Discover more from A curious eye on Europe
Not AI, but AE: The Key To Saving Journalism?
Plus: Building Trustworthy Journalism - Inspiring Ideas From Across Europe
👋 Hey there fellow curious journalists,
thanks so much for coming on this email-ride - curating interesting bits and pieces from journalism all over Europe (and occasionally beyond).
🤓A small FYI: Because of my work I have a bias towards all things strategy and visual storytelling. But this newsletter (and me) is a work-in-progress, so with each edition I’ll try to a) expand my perspective and b) cover more and more countries.
🧯AI can not be the only answer
Want to save journalism? Invest in AE roles - AE as in Actual Experience.
She suggests we need AE roles, to balance out AI.
👉 Why? Because while AI will transform everything in terms of efficiency, it does not help to build trust: “But what has been proven to increase trust in information is human, face-to-face interactions and relationships.”
It’s also the one upper hand we humans have on AI: We can care. About our audiences, about our communities and society as a whole. Because as Jennifer puts it: „AI couldn‘t care less“. It doesn‘t have the ability.
And these are some AE roles she lists in her article:
Community Conversation Facilitator
Professional Industry Networker
💸 Sure, budgets are always tight, but Jennifer argues that financial savings through AI could be invested in AE.
💪 And for those of you who don’t want to wait for structural changes: Jennifer has co-created a nifty Bingo Card that shows how you can include little “acts of care” in your journalism.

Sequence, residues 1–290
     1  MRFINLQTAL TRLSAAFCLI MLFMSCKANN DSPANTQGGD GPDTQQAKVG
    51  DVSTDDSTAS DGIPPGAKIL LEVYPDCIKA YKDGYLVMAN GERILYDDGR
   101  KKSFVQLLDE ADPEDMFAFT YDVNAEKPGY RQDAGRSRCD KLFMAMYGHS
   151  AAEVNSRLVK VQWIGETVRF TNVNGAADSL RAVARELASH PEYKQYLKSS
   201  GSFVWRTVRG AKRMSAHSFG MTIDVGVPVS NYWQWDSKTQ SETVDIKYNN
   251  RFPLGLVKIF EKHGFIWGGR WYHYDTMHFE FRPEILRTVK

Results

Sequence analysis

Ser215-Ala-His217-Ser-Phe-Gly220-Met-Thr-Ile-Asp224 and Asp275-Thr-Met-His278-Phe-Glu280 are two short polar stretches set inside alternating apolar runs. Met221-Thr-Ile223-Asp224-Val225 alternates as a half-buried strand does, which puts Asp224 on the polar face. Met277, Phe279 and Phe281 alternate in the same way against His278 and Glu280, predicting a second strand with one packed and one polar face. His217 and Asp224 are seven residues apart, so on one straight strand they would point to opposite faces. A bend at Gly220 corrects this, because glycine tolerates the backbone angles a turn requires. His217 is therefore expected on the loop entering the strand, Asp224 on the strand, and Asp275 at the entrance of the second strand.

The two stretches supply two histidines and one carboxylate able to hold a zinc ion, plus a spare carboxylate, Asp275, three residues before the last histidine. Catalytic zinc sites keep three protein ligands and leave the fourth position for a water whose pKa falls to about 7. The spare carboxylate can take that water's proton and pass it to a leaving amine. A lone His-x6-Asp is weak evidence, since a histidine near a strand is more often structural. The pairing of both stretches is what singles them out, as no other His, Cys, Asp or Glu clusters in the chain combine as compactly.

And we should worry about trust - a lot. That’s what the new Reuters Digital News Report shows.
To me reading the report feels more and more like Groundhog Day - there are so many recurring problems.
The most (de)pressing ones remain year after year: Declining trust in the media and growing news avoidance.
"Trust in the news has fallen, across markets, by a further 2 percentage points in the last year, reversing – in many countries – the gains made at the height of the Coronavirus pandemic. On average, four in ten of our total sample (40%) say they trust most news most of the time."
"The proportion of news consumers who say they avoid news, often or sometimes, remains close to all-time highs at 36% across markets.“
💪 So to remind myself that (small) things do change, I went to look for current ideas that might help us tackle these problems:
Something you can begin with straight away
👂Start to really listen
Do you think you are a good listener?
Turns out: Most of us miss a lot → We practise transactional listening - we listen to answer and not to understand.
1️⃣ Our brains often make unconscious assumptions when we listen, leading us to be wrong more frequently than we realize.
2️⃣ Also, when speaking, we may not articulate our thoughts accurately the first time. So there‘s an even higher chance we‘re not really understanding our interviewing partner correctly.
To overcome these challenges - Emily suggests deep listening: genuine curiosity, careful double-checking, respectful communication.
This is how it looks like in practice:
It’s four simple steps:
Listen deeply to what the person is saying
Capture the essence
Check if you got it right
If not, ask for what you missed and repeat steps 1-3.